restrictions limiting ankle dorsiflexion.
Myofascial and articular restrictions may be
differentiated by the sensations an athlete
experiences during the WBLT.22 If tightness
is felt along the posterior surface of the lower
Table 1: Classification system for mobilisations techniques1
I Small-amplitude performed at the beginning of the ROM
II Large-amplitude performed within the mid-ROM
III Large-amplitude performed up to the limit of the ROM
IV Small-amplitude performed at the very end of the ROM
Figure 4. Example of self-
massage technique for the
gastroc-soleus complex. Athletes
assume a seated position on a
chair, with one knee flexed to
90° and the ankle slightly plantar
flexed using a heel support.
Flexing forward, the athlete
massages the myofascial tissue
using a roller massager. Halperin
et al24 showed positive results
using a cadence of one second to
roll the length of the calf, for 30
seconds for three sets. Intensity
was maintained at 7/10 using the
rate of perceived pain24
leg, it is likely that the soleus complex is the
culprit. Conversely if the athlete describes
a pinching at the anterior aspect of the
talocrural joint associated with an anterior
impingement, then self-mobilisations are
Figure 5 demonstrates a number of
self-mobilisations to improve the
arthrokinematics of the ankle joint. It is
likely that an athlete’s response will vary
depending on each mobilisation, and
therefore it is recommended that an athlete
practise numerous techniques in order to
determine which one achieves the best
results. As with all techniques aimed at
improving joint mobility, it is important
to record quantitative changes. Strength
and conditioning coaches should be sure
to test pre and post-intervention. This will
help determine which method achieves the
greatest increase in ankle dorsiflexion ROM.
Reducing compensatory movement
It is beyond the scope of this article to
present all principles that provide the
foundation for designing and implementing
a neuromuscular re-education programme
leading to the reduction in CMS. However,
in this section certain components of a
neuromuscular re-education programme
will be highlighted. For further information,
readers are referred to texts by Comerford
and Mottram,7 Cook et al,8 and McGill.43
Until ankle mobility has been achieved,
CMS identified during a screening process
are likely to remain. Any CMS driven
from a loss of ankle dorsiflexion is in
actuality a functional response, allowing
for the completion of athletic activities.8
Therefore, attempts to remove CMS without
an intervention to improve mobility will
Table 2: Exclusion criteria. Individuals who possess any of the following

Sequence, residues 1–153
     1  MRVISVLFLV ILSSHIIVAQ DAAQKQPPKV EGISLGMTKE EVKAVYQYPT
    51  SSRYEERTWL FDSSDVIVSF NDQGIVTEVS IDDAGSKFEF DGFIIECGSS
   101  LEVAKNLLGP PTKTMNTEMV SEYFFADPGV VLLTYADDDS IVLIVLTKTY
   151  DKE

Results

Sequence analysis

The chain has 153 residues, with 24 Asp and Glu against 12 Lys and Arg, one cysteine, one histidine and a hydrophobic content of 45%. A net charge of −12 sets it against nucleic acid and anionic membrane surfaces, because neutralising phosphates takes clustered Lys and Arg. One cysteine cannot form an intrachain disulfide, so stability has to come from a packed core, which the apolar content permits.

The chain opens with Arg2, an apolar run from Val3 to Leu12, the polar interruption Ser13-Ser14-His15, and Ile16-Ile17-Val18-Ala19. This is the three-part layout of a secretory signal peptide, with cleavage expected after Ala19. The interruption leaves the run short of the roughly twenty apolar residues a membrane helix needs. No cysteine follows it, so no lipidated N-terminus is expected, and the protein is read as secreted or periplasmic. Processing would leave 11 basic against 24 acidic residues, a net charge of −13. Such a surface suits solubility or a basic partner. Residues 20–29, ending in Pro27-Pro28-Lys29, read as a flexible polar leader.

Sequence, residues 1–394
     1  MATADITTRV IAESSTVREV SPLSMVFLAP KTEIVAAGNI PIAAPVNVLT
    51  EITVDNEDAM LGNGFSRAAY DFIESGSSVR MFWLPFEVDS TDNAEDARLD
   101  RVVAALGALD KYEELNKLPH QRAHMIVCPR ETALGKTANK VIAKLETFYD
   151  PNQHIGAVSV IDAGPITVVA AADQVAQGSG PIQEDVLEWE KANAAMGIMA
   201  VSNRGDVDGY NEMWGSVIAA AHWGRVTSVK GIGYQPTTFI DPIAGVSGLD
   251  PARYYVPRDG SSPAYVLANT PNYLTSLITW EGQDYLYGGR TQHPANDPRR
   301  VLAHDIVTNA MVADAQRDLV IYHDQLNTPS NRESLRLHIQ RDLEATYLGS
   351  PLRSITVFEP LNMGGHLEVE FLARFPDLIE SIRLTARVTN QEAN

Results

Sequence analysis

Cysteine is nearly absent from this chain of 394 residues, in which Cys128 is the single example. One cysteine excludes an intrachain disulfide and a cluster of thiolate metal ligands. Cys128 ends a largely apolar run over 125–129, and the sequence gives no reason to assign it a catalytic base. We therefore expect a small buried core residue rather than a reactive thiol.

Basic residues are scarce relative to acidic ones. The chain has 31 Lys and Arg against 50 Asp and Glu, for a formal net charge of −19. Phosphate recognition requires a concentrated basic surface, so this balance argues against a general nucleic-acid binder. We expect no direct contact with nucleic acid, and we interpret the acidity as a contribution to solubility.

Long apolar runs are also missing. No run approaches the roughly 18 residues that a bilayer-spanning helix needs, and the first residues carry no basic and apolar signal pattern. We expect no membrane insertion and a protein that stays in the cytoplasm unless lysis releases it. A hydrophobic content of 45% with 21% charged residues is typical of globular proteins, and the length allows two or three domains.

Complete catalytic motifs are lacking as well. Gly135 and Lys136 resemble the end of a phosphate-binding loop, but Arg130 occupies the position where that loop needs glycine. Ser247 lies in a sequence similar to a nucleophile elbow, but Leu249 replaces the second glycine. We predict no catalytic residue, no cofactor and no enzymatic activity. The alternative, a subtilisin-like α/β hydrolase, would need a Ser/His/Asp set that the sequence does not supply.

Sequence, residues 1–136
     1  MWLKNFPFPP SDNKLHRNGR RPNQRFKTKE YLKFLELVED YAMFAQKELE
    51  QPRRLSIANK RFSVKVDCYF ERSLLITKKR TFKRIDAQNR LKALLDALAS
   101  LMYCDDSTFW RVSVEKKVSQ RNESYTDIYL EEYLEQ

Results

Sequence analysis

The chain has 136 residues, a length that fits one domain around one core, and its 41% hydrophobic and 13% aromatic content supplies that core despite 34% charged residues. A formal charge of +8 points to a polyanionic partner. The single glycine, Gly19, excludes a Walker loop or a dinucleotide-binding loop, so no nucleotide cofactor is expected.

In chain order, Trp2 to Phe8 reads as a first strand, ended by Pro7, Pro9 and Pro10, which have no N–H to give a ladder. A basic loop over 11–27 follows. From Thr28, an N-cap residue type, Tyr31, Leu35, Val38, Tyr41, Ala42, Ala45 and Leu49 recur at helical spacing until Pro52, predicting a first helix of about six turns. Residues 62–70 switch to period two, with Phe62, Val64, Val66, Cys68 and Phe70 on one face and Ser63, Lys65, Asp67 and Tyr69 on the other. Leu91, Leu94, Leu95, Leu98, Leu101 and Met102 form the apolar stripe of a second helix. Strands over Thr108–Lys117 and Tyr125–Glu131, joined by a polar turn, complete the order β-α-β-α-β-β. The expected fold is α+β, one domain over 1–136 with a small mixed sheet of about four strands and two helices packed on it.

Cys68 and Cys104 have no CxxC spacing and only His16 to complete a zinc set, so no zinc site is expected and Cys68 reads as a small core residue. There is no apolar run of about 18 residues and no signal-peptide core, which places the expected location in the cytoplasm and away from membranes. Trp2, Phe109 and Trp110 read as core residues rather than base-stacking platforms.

characteristics or pathologies should not be prescribed self-mobilisations1
Acute inflammation
Advanced osteoarthritis
Premature stressing of surgical structures
Congenital bone deformities
Rheumatoid arthritis
Confirmed or suspected bone fractures
Neurological or vascular signs
Figure 5. Examples of self-
mobilisations aimed at improving
ankle dorsiflexion ROM. Athletes
should assume a similar setup to
the WBLT, using support where
necessary to maximise stability.
Two techniques may be employed
in order to facilitate posterior
glide of the talus relative to the
ankle mortise. Both techniques
require either a band, or a strap
secured against a fixed pole.
Firstly, with a band positioned
over the anterior aspect of the
ankle joint, an anteroposterior
glide can be achieved on the talus
relative to the distal tibia and
fibula (top left). This mobilisation
can be enhanced by slightly
elevating the heel, preventing the
band from slipping superiorly
off of the talus (bottom left).
Alternatively, with a band placed
around the posterior surface of
the distal leg, a posteroanterior
glide to the tibia and fibula
assists the tibia and fibula to
move anteriorly on a fixed talus
(top right). In order to prevent
compensatory dorsiflexion from
the midtarsal joints, the calcaneus
can be inverted by slightly
elevating the medial aspect of
the heel and the first metatarsal
(bottom right). With either
technique, athletes are suggested
to move in and out of end range
using the equivalent of either
a grade III or IV mobilisation,
remaining pain-free throughout.9
Cosby et al9 recommends 2–3
sets of 30–60 seconds using slow
inevitably fail. Conversely, gains in mobility
do not automatically lead to reductions in
CMS.46 As increases in mobility are achieved,
efforts should be made to integrate the new
ROM into functional activities. Therefore,
interventions aimed at improving ankle
mobility and reducing CMS should follow